How Does FOSTA-SESTA Impact the Adult Industry?

FOSTA-SESTA (Fight Online Sex Trafficking Act-Stop Enabling Sex Traffickers Act) is a law that was implemented in the United States as a means of ostensibly combating online sex trafficking and non-consensual content by the controversial former Republican President Donald Trump and a U.S. Congress that was dominated by social conservatives and anti-web technology progressives.

Despite the FOSTA-SESTA’s intentions to stop sex trafficking and increase protection for CSAM and CSEM victims, the law has been incredibly ineffectual. As a result, it has suppressed online discourse among sex workers and producers of adult content.

Adult Business Consulting is happy to offer this blog post about this very important topic.

The History of the FOSTA-SESTA

As a result of continued debates over proposals to amend Section 230 of the Communications Decency Act of 1996, FOSTA-SESTA eventually became law. As the first-of-its-kind law, Section 230 was enacted in 1996 together with the rest of the Communications Decency Act to protect minors from age-restricted content, such as criminal obscenity and indecency, on the internet.

It Starts with Section 230

If children were to use the internet to send indecent stuff, it would be illegal. However, the legal definition of “obscene” is broad and can be considered by some juries to include consensual porn content as well as sexual speech that is protected by the constitution.

Numerous civil society groups and civil libertarians pointed out that the law’s structure immediately transgressed the First Amendment of the United States Constitution. This was subsequently confirmed in the landmark Reno v. American Civil Liberties Union (ACLU) Supreme Court case. The Communications Decency Act of 1996 greatly curtailed the First Amendment on the internet, according to most of the high court, and much of the statute could not be fairly applied. But the court decided to keep Section 230. Based on how the high court and subsequent corpus of case law interpret Section 230’s safe harbor provisions that do encompass web platforms, it is referred to as the “First Amendment of the internet.” As a reminder, Section 230 shields most web platforms from legal responsibility for content published by third parties using such platforms.

To self-regulate their platforms and stop illegal activity, such as the posting and distribution of CSAM, all content piracy, other intellectual property rights violations, and non-consensual porn (such as “revenge porn”), adult entertainment companies heavily rely on the safe harbor in Section 230.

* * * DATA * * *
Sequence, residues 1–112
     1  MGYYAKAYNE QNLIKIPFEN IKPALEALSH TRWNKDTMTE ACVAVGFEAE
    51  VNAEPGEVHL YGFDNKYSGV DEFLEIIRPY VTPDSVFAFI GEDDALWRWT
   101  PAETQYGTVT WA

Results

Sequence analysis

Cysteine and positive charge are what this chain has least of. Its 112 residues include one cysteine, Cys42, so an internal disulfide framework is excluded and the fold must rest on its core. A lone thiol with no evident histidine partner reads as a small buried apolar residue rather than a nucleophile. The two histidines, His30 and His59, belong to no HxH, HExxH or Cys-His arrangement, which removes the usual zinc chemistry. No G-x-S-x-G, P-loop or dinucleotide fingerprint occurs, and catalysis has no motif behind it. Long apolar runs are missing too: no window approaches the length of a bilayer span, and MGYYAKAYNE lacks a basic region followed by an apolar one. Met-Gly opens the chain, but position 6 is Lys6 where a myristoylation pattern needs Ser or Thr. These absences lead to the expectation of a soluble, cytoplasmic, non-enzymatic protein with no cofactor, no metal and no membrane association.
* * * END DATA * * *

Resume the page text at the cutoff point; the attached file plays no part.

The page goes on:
Section 230 Criticism Leads to Intervention

Advocates of Section 230 argue that without this law, the internet as we know it today would not exist. There is a ton of data to support their accuracy. Companies who create social media platforms or e-commerce marketplace software are free from the harms brought upon them by external third parties (users) that do breach the platform’s terms and conditions and the law, if applicable, because they are not constantly worried about responsibility. However, as the internet developed, a growing number of conservative and progressive lawmakers have criticized Section 230 because they believe that the safe harbor exempts platforms from responsibility for allowing those who wish to harm others on the internet to do so openly without content moderation or banning.

During Trump’s presidency and the emergence of the new populist right, anti-porn organizations like the infamous National Center on Sexual Exploitation (NCOSE) joined numerous right-wing critics.

Section 230 Moderation Against Trump and His Allies

For instance, before Elon Musk, Twitter suspended far-right talk show host and provocateur Alex Jones for violating the platform’s terms of service and hate speech code. This action drew right-wing criticism of Section 230 of the Communications Decency Act of 1996. Republicans and Alex Jones’s fans began claiming that Twitter and big tech in general had an open anti-conservative bias and actively aimed to ban contentious right-wing views.